“But the wild things cried, 'Oh please don’t go - we’ll eat you up - we love you so!'
And Max said, 'No!'
The wild things roared their terrible roars and gnashed their terrible teeth and rolled their terrible eyes and showed their terrible claws but Max stepped into his private boat and waved goodbye.”
Ridgefield’s Maurice Sendak was a man whose poetry and drawings inspired millions and touched childhoods worldwide, but whose small-town life was marked with deep personal friendships and a love for his community.
Mr. Sendak, the children’s author who wrote and illustrated “Where The Wild Things Are,” among many other influential, genre-breaking works, had a way of writing stories that played with the fears and trials of growing up, heartfelt stories that straddled the line between nightmares and dreams.
Mr. Sendak’s passing Tuesday morning had a profound effect on the Ridgefield community he loved so much and the neighbors he knew along the way.
“Maurice absolutely developed a love of Ridgefield,” said close friend Philip Lodewick. “He was a great observer of life.”
Philip and his wife Christine had known Mr. Sendak since they moved here in 1978.
“Maurice was witty, insightful, provocative at times but very warm and caring,” Philip said.
Christine remembers him fondly for his love of her apple sauce, which she would make for him to the point of his developing a “gourmet taste for the kinds of apples and where they were picked,” she said, laughing.
“He would critique the apple sauce at times for the subtle differences,” Christine remembered. “He was very observant and analytical.”
Because Mr. Sendak led a private life and focused on his work instead of mingling in large crowds, rumors are that he was reclusive – but the Lodewicks disagree.
“He preferred small gatherings, and he liked to be in control of his interactions with people,” Christine said, “but he was always appreciative of young people and the next generation, and he would always be up for talking about topics that emphasized helping people.”
“It’s great to have someone like Maurice Sendak live here,” said First Selectman Rudy Marconi. “His passing is a sad loss for the community and a sad loss for the literary world.”
Mr. Sendak also had a deep appreciation for the – he was an honorary co-chairman of the campaign to raise funds for the recently approved renovation, along with Philip who was also a co-chairman of the campaign.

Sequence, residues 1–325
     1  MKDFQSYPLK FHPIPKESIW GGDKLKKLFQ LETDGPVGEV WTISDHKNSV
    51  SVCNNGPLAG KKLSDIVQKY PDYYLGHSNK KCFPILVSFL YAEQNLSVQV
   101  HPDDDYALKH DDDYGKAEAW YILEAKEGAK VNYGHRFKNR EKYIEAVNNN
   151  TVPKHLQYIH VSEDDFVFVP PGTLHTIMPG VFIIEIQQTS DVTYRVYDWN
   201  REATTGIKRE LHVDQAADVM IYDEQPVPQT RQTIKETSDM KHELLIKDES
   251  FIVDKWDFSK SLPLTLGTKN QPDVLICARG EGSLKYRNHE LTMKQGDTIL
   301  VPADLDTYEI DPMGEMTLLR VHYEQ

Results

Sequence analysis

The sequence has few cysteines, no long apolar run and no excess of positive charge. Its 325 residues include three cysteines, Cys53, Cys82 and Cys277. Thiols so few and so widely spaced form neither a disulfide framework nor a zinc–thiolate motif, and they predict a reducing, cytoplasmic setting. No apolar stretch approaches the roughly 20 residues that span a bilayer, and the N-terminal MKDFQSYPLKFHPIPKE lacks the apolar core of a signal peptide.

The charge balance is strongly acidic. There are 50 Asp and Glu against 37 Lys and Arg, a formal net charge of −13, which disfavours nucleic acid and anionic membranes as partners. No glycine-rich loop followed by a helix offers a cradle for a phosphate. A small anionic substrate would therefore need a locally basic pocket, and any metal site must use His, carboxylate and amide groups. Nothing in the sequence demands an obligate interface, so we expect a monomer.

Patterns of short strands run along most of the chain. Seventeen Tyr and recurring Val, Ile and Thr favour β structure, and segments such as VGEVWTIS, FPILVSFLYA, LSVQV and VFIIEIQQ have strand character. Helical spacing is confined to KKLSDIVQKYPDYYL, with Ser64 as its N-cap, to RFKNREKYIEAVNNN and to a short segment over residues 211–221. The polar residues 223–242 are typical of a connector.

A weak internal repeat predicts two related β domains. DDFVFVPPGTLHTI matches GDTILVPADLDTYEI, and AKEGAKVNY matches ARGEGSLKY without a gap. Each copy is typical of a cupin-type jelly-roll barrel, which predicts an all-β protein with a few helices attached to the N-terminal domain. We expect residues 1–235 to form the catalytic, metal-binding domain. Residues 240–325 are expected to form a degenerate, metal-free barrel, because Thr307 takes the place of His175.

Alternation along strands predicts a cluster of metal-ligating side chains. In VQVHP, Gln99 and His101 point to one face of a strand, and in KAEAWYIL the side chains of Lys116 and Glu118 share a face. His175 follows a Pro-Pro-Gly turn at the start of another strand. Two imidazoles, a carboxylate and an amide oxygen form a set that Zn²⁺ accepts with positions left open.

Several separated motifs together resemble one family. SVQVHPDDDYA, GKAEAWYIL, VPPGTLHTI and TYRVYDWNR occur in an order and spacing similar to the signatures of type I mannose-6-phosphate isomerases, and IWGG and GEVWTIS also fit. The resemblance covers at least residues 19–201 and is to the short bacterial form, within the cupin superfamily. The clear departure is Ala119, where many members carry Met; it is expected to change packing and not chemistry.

Assistant Library Director Mary Rindfleisch said when Mr. Sendak used to speak at the library and schools, “it was never about him, but about the kids.”
“He would have them tell their own stories,” Rindfleisch said.
Mr. Sendak would donate drawings to the library, and his quotes adorned library materials.
And his property in the north of town still has trails that he donated to the Land Conservancy of Ridgefield, which he loved to share with people – over 30 acres of his land are open to the public.
“He loved seeing the horses go by,” said Helen Dimos, who frequents the trails.
“He cared a lot about his land,” said Dimos’s husband Benjamin Oko, chair of the Ridgefield Conservation Commission. “He loved to use it and he loved to share it.”
Oko described Mr. Sendak as an avid walker even into his later years and as a dog-lover – he was especially proud of his German shepherd.
“He told me once how much he loved the dog,” Oko said, “and that the only thing he couldn’t teach it to do was to drive his Volvo, which he would have liked very much.”
Oko described Mr. Sendak as having a great sense of humor, if slightly on the acerbic side, and “an ironic view of the world at large,” much of which played into his writing.
“Maurice was the greatest children’s author of the twentieth century,” Mr. Lodewick recalled. “His insights and generosity have become a part of Ridgefield.”
An interview with Mr. Sendak once showed his appreciation for children and their way of thinking:
“Once a little boy sent me a charming card with a little drawing on it. I loved it. I answer all my children’s letters — sometimes very hastily — but this one I lingered over. I sent him a card and I drew a picture of a Wild Thing on it. I wrote, 'Dear Jim: I loved your card.' Then I got a letter back from his mother and she said, 'Jim loved your card so much he ate it.' That to me was one of the highest compliments I’ve ever received. He didn’t care that it was an original Maurice Sendak drawing or anything. He saw it, he loved it, he ate it.”